Veterinary professionals offer the best ways to show your appreciation during this National Veterinary Technician Week and beyond
Veterinary technician content is sponsored by Elanco for the month of October.
Highly skilled veterinary technicians have versatile responsibilities that range from drawing blood and monitoring anesthesia to comforting pet owners to calculating and clarifying dosages and pointing out anything the veterinarian may have missed. Every October, the veterinary medicine world celebrates the contributions of these individuals during National Veterinary Technician Week.
Renee Schmid, DVM, DABT, DABVT, manager of veterinary medicine and professional services and senior veterinary toxicologist at Pet Poison Helpline, based in Bloomington, Minnesota, described to dvm360 how veterinary technicians play an integral role and complement their team members. "Veterinary technicians bring compassion, creativity, and knowledge to the veterinary world and are quite often the glue that holds everything together. I am not sure there is a veterinarian who can say they grew professionally without any help or influence from a veterinary technician,” Schmid said.
This year, National Veterinary Technician Week takes place October 15 to 21, 2023; however, their colleagues are showing thanks to technicians all year long. For the occasion, practice managers, veterinarians, and veterinary technicians themselves provided insight on the best ways to demonstrate appreciation and what motivates these critical members of the practice team.
Showing thanks can be accomplished by something as simple as taking an interest in veterinary technicians’ career growth and supporting their education. This is especially important to do for these individuals, as their needs can often go under-recognized.
Tasha McNerney, BS, CVT, CVPP, VTS (Anesthesia and Analgesia), assistant director of education at Mount Laurel Animal Hospital in New Jersey, shared an anecdote with dvm360 of when an employer valued her education and its impacts. “My former employer sat me down many years ago and asked what aspects of the job I enjoyed. At the time, this was anesthesia and surgery, so he gave me more opportunities to work in anesthesia, [and] from then on, [he was on the lookout for] any anesthesia [continuing education].”
The employer also introduced McNerney to the International Veterinary Academy of Pain Management and encouraged her to achieve her veterinary technician specialty certification in anesthesia. “Because of his genuine interest in my career satisfaction, I stayed at that practice for 13 years,” she said.
Along with promoting professional growth, properly using veterinary technicians’ robust skill sets helps boost efficiency while also supporting their job satisfaction.1 “What really elevates the veterinary technician for the long term is utilization to their fullest potential, which is continuously expanded with support for education, opportunity to practice new skills, and inclusion in discussions regarding case management,” said Ian Kanda, RVT, VTS (Exotics), with the Pet Hospital of Peñasquitos, in San Diego, California.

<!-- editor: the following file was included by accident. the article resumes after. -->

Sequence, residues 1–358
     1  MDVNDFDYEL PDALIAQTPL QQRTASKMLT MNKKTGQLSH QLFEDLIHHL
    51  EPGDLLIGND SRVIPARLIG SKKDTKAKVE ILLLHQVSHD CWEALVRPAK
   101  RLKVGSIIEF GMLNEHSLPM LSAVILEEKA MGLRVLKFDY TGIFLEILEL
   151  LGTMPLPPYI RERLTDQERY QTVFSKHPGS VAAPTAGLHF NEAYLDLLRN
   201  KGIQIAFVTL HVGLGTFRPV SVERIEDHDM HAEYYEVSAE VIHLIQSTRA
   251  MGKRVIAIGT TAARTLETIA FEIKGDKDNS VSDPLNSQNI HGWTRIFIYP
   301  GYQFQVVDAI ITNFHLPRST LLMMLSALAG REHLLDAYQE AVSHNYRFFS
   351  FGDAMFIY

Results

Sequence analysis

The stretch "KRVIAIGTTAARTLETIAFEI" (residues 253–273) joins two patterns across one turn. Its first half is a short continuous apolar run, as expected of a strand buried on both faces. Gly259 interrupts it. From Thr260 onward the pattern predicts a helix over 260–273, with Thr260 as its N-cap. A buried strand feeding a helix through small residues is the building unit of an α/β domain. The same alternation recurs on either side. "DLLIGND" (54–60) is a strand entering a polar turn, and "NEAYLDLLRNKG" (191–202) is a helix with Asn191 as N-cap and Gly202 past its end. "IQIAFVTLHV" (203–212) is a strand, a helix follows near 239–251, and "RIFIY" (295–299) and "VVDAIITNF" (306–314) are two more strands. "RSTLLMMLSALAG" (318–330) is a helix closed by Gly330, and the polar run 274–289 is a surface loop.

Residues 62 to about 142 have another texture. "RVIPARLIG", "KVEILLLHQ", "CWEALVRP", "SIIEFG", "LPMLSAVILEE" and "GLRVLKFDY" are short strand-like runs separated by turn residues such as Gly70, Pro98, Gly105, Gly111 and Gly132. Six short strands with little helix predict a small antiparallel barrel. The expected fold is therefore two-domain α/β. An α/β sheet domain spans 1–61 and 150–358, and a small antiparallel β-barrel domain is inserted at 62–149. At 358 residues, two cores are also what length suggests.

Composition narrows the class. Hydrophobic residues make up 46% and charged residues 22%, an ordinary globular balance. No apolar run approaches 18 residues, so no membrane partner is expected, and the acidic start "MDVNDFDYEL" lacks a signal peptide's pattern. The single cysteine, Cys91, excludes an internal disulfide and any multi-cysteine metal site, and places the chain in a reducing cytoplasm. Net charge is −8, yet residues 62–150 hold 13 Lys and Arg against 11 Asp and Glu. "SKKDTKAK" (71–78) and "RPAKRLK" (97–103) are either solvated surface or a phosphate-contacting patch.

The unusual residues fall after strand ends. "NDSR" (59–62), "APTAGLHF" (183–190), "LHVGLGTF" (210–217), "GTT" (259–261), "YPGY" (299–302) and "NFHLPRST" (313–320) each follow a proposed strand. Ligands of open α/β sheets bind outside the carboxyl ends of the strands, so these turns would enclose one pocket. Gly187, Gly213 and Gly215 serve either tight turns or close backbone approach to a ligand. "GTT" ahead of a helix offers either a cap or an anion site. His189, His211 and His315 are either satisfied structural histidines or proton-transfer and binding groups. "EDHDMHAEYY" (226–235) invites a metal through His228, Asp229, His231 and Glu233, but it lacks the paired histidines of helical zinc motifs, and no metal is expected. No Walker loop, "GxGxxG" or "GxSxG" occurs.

Words of praise may seem minuscule, but they can bolster veterinary technicians’ confidence and motivate them at work. Marc Rosenberg, VMD, director at Voorhees Veterinary Center in New Jersey, emphasized that he expresses his gratitude regularly. “Our technicians are a pleasure. They are priceless, and I make it a point to let them know that every day. I can’t imagine where are our patients, clients, and vets would be without them.”
Small gifts or swag, free lunches, and events in honor of National Veterinary Technician Week can also leave an impact on veterinary technicians. Michael Natale, LVT, talent acquisition and retention manager with Veterinary Emergency Group and veterinary medicine teacher at Nassau BOCES, in Westbury, New York, noted that veterinary technicians weren’t always shown appreciation in the past. He highlighted a story of a prior National Veterinary Technician Week that he hasn’t forgotten. A board-certified criticalist at the hospital he worked for urged the leadership team to gift the veterinary technicians something small to demonstrate their appreciation. When this didn’t work, she took matters into her own hands. “A few days into [the week, this doctor walked] around the hospital, giving all the [veterinary technicians] Dunkin’ Donuts gift cards and [said], ‘Thank you.’ That right there showed me how truly genuine and appreciative she was about us....Something so small can go such a long way,” Natale said.
In the dedication of Low-Cost Veterinary Clinical Diagnostics,2 Ryane Englar, DVM, DABVP (Canine and Feline Practice), associate professor at the University of Arizona College of Veterinary Medicine, writes, “Technicians are veterinarians’ shadows—literally and figuratively—although my hope in penning this dedication is that we can extract them from the shadows and into the light, where they belong. After all, they are the reason that I have survived veterinary practice. The reason I am a good veterinarian today is that I have been lifted on the shoulders of great technicians.”
Although there has been progress in appreciating veterinary technicians, it’s important to use National Veterinary Technician Week to celebrate their unwavering dedication, remarkable contributions, and continue recognizing them throughout the year. “This National Veterinary Technician Week—and always—they deserve our deepest appreciation,” said Jan Bellows, DVM, DAVDC, DABVP, FAVD, with All Pets Dental in Weston, Florida.